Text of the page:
THROUGH THE ARCHIVES: Belfast Naturalists’ Field Club hold excursion to Cave Hill quarry

From the News Letter, May 7, 1912

Friday, 7th May 2021, 6:00 am
An old postcard showing Cave Hill, Belfast, Co Antrim. Picture: The Library of Congress

A large party of members of the Belfast Naturalists’ Field Club had met at the Waterworks on May 4, 1912 for the first geological excursion of the new season, reported the News Letter.

The members then set out to walk up the Cave Hill Road to the large chalk quarry which was to be found on the southern slopes of the Cave Hill.

Mr Robert Bell had kindly agreed to act as the field trip “conductor” for the excursion and the News Letter reported that the members had been much appreciative of his geological knowledge and his keen eye.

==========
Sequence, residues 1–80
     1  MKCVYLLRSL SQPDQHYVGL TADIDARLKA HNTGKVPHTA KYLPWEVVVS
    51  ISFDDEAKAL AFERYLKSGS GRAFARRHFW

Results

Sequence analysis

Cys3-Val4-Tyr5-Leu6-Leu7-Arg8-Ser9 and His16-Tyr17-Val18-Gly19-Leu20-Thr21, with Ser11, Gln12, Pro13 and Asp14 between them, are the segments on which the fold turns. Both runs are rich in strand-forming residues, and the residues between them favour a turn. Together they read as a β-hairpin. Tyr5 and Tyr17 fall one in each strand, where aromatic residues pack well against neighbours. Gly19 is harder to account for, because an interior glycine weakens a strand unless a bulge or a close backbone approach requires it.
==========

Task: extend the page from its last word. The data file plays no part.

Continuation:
When they reached the quarry Mr Bell had drawn the members’ attention to the selection of Rhaetic clays and glauconitic sands which contained a number of fossils which had been found that day.

Mr Bell had also taken the time to show the members of the club “a very fine specimen” of phacolite which he had discovered at Killyflew near Ballymena, the paper noted that it had been “the first record of this beautiful variety of chabazite from County Antrim”.

The News Letter’s report on the field trip remarked: “Not only was the record of fossils considered satisfactory, but the great interest of the district generally was recognised.”

The report concluded: “Remembering that geology is the ‘earth’s history’ and does not alone consist in careful records of fossils and minerals, it was felt that it would be difficult to find another area of such limited extent in which so large a part of this great history could be studied.”